It's a bird! It's a plane! It's a fertilizer drone!
In four to six weeks, Cooperative Grain and Supply’s crop production center in Hillsboro will take to the air — not with airplanes, but with top-of-the-line crop-spraying drones.
Landon Herbel, precision ag specialist for the Cooperative’s crop production department, said the co-op has ordered two DJI Agras T30 drones on order.
The drones, which have six rotor arms, can spray up to 40 acres an hour. According to the manufacturer, the drones have all-direction radar and removable batteries, and can hover as long as 20½ minutes.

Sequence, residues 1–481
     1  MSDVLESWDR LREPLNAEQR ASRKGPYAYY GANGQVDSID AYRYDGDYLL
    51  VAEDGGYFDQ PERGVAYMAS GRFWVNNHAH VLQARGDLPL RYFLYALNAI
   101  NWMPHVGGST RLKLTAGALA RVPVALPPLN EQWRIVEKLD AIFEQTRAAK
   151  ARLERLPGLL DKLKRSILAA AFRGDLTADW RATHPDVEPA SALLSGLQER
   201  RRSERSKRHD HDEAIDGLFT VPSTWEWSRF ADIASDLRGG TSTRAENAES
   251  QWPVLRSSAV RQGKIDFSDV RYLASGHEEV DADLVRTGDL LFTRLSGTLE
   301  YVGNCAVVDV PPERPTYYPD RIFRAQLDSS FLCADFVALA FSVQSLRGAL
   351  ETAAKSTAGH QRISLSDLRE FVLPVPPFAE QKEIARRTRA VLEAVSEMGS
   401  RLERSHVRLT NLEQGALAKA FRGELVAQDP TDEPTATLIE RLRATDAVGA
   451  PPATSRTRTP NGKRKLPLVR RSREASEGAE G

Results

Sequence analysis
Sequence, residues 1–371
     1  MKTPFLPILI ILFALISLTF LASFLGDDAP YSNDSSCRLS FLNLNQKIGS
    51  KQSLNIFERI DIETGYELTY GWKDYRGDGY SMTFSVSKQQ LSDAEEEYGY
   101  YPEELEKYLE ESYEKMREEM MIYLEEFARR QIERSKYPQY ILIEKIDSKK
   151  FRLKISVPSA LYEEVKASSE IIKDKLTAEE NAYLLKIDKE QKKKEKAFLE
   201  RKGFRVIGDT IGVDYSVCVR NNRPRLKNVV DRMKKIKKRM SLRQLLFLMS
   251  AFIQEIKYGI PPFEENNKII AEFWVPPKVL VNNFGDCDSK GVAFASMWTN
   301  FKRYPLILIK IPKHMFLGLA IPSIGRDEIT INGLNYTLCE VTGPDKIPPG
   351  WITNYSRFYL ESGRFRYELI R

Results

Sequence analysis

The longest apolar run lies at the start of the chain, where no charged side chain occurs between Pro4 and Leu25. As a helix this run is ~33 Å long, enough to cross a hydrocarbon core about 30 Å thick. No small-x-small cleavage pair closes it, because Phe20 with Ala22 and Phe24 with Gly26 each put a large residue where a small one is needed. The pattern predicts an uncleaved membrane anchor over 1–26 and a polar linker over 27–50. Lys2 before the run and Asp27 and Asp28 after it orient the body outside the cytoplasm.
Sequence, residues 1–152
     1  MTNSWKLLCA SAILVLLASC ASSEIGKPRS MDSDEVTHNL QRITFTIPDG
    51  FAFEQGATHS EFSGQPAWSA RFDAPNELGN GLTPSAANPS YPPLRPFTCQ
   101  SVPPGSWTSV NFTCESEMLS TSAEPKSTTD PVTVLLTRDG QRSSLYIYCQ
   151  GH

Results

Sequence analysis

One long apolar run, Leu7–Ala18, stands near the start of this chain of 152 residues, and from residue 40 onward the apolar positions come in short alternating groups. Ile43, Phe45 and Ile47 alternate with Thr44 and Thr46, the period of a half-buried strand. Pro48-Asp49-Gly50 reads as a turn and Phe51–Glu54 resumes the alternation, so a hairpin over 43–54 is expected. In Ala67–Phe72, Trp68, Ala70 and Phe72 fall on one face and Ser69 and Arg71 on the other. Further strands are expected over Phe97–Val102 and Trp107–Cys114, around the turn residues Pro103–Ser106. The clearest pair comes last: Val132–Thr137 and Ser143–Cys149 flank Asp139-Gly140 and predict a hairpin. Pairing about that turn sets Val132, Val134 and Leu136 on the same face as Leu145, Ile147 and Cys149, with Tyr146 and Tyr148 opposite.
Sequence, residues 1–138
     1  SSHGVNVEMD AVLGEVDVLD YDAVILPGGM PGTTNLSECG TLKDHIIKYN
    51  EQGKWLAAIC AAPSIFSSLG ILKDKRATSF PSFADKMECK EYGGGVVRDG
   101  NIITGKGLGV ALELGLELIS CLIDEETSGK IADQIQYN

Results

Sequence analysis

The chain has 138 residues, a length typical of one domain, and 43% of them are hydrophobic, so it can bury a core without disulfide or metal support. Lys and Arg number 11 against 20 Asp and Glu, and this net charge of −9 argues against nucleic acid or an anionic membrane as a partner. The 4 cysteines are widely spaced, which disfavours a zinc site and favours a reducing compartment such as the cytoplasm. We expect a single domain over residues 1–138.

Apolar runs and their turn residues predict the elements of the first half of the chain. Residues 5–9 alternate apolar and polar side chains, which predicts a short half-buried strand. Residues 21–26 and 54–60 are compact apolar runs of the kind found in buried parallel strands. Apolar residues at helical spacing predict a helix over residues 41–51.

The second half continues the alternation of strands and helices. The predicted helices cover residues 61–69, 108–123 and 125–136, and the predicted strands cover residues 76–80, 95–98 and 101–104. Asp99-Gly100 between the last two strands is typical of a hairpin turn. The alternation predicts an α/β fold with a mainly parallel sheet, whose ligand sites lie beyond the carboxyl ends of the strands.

Each has a liquid tank and a dry tank for fertilizers, fungicides, and pesticides.
Unfolded, Herbel said, the drones are about seven feet across.
“They’re a lot bigger than a regular camera drone,” he said.
Herbel and Chad Arnold will operate the drones. They are working on getting drone licenses. If needed, more people will be licensed to fly the drones.
“We’re selling a service, so we have to get licenses,” Herbel said.
The drones, which hover about 10 feet above the ground, can be used when conditions are too muddy to get traditional equipment into a field. They also will work in areas that ordinarily are hard to reach.
Although the drones fly, they won’t replace airplane crop sprayers that Cooperative already uses.
Herbel said he expected the drones to be used for wheat, corn, and soybean crops.
Last modified April 14, 2022